Reflexive Belief

Foxfier - Reflexive Faith

Foxfier - Reflexive Faith

When it comes to how you feel, things are relative.

Are you having a good day?

Well, you can probably list a bunch of things that didn’t go right, but compared to most people in most times and places, the fact that you’ve got the resources to read this means that it wasn’t that bad. You have your basic needs, right now, and some to spare; you probably don’t have to look over your shoulder to make sure you won’t be killed for fun or profit, and so on, elaborating to the limits of your imagination or historical knowledge.

Your answer is going to depend on what most of your days are like, polite formulas or be reflexively positive. Most likely you won’t even think about the answer, since it’s usually a ritual rather than a literal request for information.

That automatic response can be a very helpful thing in day to day interactions with others, though it’s not sufficient to keep you going — it will just help you over the rough patches.

Same holds for your religious life.

Trusting in God doesn’t mean that things will always be exactly the way you want. (Alright, a bit of a strawman, I don’t know anybody who actually believes “I trust in God, so He’ll give me what I want.”  I was going to write “over the age of…” but I can’t think of any kids who really thought that either, lots who didn’t imagine the limits of what bad could happen, but that’s a totally different matter.)  Trusting in God doesn’t mean that things will always be good, or easy, or okay in the short term. Good heavens! Have you considered some of the ends that various saints came to? The Apostles themselves didn’t escape unharmed.

Sometimes, you just don’t feel the “trust.” Things go wrong — sometimes really wrong. You break a leg. Lose your job. Someone dies. That doesn’t mean you throw your hands up in the air, or it shouldn’t. You should keep going. Train yourself into the habit of trusting Him, even when you don’t “feel” it at the moment.

If I speak in human and angelic tongues
but do not have love, I am a resounding gong or a clashing cymbal.
And if I have the gift of prophecy and comprehend all mysteries and all knowledge;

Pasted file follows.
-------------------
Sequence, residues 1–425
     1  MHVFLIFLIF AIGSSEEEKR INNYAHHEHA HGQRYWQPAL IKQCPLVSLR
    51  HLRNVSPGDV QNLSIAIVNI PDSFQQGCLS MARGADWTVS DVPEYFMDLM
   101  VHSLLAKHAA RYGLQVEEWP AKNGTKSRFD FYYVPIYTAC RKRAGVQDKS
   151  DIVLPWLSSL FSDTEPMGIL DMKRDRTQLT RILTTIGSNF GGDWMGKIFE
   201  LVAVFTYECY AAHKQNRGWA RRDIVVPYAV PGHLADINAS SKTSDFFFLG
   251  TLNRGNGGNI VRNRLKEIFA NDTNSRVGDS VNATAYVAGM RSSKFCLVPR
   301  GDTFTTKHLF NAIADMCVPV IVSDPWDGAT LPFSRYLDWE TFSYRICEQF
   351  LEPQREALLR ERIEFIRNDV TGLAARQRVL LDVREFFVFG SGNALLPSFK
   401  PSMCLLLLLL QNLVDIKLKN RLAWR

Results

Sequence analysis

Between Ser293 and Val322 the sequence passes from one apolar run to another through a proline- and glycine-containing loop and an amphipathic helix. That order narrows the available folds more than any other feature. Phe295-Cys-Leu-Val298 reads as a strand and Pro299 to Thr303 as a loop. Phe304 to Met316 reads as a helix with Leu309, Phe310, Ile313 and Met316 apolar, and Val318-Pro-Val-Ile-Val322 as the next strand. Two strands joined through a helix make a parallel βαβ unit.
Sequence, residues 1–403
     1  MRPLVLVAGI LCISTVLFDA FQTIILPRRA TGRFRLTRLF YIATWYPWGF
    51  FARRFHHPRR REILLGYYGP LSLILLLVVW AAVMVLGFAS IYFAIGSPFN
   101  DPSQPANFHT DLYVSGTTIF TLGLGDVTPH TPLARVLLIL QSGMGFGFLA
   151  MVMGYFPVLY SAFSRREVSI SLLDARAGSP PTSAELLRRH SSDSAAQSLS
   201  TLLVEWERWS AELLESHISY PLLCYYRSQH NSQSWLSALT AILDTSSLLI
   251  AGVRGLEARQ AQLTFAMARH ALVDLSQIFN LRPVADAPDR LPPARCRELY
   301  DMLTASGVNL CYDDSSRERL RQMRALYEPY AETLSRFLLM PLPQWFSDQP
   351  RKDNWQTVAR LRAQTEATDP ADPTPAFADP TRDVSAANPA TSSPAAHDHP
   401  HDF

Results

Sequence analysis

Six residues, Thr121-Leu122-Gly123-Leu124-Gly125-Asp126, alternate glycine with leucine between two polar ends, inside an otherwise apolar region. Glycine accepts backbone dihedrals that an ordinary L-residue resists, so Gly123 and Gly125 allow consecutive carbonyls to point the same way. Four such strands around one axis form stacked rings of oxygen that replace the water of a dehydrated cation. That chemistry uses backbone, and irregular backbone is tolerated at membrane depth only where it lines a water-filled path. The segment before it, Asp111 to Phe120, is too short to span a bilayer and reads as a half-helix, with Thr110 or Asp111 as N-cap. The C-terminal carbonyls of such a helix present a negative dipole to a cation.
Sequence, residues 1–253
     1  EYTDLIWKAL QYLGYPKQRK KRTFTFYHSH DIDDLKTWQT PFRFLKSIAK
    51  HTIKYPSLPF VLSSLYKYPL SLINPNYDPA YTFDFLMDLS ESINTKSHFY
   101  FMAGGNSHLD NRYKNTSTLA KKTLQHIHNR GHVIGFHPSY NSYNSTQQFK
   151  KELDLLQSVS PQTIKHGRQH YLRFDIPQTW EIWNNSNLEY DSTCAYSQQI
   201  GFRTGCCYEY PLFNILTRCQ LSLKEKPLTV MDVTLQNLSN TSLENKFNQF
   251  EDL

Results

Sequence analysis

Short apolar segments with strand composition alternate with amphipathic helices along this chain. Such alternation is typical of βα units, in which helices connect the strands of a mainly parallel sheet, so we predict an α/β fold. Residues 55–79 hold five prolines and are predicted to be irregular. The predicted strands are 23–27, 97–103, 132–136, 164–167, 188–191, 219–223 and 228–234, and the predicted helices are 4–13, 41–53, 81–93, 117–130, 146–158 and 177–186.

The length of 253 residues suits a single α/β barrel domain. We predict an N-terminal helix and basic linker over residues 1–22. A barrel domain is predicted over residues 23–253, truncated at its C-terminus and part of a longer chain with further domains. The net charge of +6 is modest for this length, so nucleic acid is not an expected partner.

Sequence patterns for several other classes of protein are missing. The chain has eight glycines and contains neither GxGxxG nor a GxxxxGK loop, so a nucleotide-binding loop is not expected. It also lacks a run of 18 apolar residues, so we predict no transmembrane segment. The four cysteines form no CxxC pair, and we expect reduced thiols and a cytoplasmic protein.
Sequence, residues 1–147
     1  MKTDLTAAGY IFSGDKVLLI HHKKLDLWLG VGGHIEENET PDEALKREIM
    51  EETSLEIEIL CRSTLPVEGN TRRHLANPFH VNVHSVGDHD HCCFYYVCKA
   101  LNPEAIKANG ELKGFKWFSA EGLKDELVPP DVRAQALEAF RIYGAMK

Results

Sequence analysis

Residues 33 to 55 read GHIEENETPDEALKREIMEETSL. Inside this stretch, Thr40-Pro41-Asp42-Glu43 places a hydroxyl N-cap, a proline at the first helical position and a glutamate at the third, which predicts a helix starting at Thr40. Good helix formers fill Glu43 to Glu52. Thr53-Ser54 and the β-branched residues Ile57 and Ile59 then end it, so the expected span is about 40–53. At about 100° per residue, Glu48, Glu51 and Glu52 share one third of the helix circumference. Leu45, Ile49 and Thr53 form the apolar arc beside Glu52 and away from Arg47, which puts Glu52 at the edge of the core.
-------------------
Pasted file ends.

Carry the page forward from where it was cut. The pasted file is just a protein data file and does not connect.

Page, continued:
if I have all faith so as to move mountains but do not have love, I am nothing.
If I give away everything I own, and if I hand my body over so that I may boast but do not have love, I gain nothing.

This is one of those dangerous scriptures, not because of what it actually says, but because of what we can misread it to mean. There are so many things that we can mean when we say “love.” Sure, there’s the obvious “I love pizza” as opposed to “I love my husband.” Now, how about “I love my husband” as opposed to “I love my neighbor?” Or “I love my husband” as opposed to “I love myself?” (Don’t worry, I’m not going to go back into the language geeking thing. Even if I do still think it’s cool.) I’m just going to point out that it’s not very loving to go: “Hey, this is hard. I quit.”

Maybe marriage is a better perspective than manners.

You know a successful marriage from the inside?

I don’t (just) mean “are you in one.” I mean are you close enough to one that works to see what’s going on?

They’re not going to always be deliriously happy. Sometimes, they’ll even be down right cranky. (*Here, the author raises her hand.*)

Thing is, they don’t let “I’m grumpy” (or worse) utterly derail them doing what they’re supposed to do in the marriage. They’ll do what they’re supposed to do, be reflexively loving, keep the faith as a matter of reflex, and that momentum gets them past the gape. This doesn’t mean not looking around for causes, or communicating that there’s something wrong, or even looking around for some kind of help. It means that you don’t throw your hands up and quit while you’re doing that.

Same thing with faith. Did you know Mother Teresa had religious “dry spells” where she just wasn’t feeling Him there? For years. She not only didn’t stop believing and trusting in God, she was…well, Mother Teresa!  I’m not sure what her sense of humor was like, but that calls to mind the old prayer: “Lord, I know you will not give me more than I can handle, but must you have so much faith in me?”

I suspect we’ve all been there, for reasons big and small: “Lord, must you have so much faith in me?”

I don’t know about you, but the humor of it helps pull me out of those death-spiral funks.

Keep faith. Make it a habit. It really does help, and hey: a habit is hard to break.

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3 thoughts on “Reflexive Belief”

  1. Pingback: How the New Curia Is Taking Shape - BigPulpit.com

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